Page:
"The Year of Living Danishly" Helen Russell
Denmark is officially the happiest nation on Earth. When Helen Russell is forced to move to rural Jutland, can she discover the secrets of their happiness? Or will the long, dark winters and pickled herring take their toll?
A Year of Living Danishly looks at where the Danes get it right, where they get it wrong, and how we might just benefit from living a little more Danishly ourselves.
I read about this on Twitter - it was recommended as a summer read. I ordered it through the library.
This is a really interesting but light and easy read.
Russell has divided her book into 13 chapters - one for each month of the year and an extra one for Christmas. Each looks at a different aspect of the Danish culture. My favourite chapters were "Forgetting the 9-5" and "The Kids are Alright" but there were some really fascinating insights into the Danes attitudes to equality as well. At the end of each chapter there are about four or five short summarising bullet points which capture the more flippant sense of fun in Russell's writing, for example: "Denmark is really really cold in January", "Being a toddler in Denmark is off the scale fun," and "Danes are adept at looking on the bright side even in the bleak mid winter."
Reading this book is like sitting over coffee with Russell or receiving a letter from an old friend - or maybe checking in to their blog post! Russell's writing is colloquial, humorous, relatable and contains a good balance of perspectives and areas of the Dane's culture to appeal to everyone and give a rounded account of all she experiences. It's a mix between a travel journal and a self help book - in fact the introduction is subtitled "The Happiness Project".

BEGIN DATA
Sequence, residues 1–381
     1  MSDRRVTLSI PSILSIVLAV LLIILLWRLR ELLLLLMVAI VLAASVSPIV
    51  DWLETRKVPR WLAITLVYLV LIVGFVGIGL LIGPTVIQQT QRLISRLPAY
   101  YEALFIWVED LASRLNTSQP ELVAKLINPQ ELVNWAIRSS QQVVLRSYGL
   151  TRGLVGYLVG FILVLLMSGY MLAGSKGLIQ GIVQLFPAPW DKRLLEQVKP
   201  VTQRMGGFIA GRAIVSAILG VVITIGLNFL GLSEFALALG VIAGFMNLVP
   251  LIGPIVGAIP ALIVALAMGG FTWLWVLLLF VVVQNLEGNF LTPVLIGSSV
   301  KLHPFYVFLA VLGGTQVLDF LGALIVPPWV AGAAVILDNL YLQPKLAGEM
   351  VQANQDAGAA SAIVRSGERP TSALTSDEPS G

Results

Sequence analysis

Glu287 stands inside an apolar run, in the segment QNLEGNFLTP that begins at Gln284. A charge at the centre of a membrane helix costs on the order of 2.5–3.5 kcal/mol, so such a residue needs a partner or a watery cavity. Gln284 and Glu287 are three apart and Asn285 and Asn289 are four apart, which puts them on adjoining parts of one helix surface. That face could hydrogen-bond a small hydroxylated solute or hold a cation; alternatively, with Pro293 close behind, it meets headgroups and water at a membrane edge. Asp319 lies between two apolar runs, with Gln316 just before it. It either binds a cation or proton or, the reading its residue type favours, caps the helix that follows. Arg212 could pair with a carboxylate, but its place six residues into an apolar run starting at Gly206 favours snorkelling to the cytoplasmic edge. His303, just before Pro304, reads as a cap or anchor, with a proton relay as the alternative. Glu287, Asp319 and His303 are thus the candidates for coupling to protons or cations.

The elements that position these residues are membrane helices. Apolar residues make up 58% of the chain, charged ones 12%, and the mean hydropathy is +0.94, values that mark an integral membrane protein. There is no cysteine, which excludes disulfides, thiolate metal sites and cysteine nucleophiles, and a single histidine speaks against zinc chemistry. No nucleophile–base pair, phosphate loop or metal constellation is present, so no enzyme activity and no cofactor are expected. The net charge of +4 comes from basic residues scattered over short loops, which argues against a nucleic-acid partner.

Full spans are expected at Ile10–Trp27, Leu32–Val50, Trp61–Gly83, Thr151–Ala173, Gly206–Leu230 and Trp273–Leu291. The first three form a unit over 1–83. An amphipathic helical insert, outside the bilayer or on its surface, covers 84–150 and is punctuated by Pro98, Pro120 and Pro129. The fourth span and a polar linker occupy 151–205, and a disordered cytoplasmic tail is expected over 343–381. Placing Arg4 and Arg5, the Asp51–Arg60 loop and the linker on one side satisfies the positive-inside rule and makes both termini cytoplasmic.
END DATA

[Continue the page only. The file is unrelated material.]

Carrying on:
Indeed I am tempted to join Russell in Denmark! There seems to be a lot of interest in the Dane culture at the moment with the recent number of "Nordic Noir" tv series and crime fiction available, but perhaps the overwhelming darkness of these shows and books is misleading. It seems that the Danes are a nation of sharing folk with admirable family values, plenty of wholesome hobbies and a good sense of equality - all of which makes them proud, happy and content. I'm not sure how I would fair with the darkness of the winter but the concept of "hygge" where the whole country basically hunkers down, only socialise at home with close family, insist on a lot of eating and focus on staying cosy and warm did sound appealing. I would also be delighted if my husband was able to keep to their working hours and would love to see more businesses adopting the concept that overtime meant inefficiency!
I enjoyed this book and certainly learnt a lot about Denmark. I might not be able to move there, but what's to stop me attempting to adopt a few of their attitudes and trying to nurture my own "Happiness Project" here in Hertfordshire!
You can follow Russell on Twitter @MsHelenRussell
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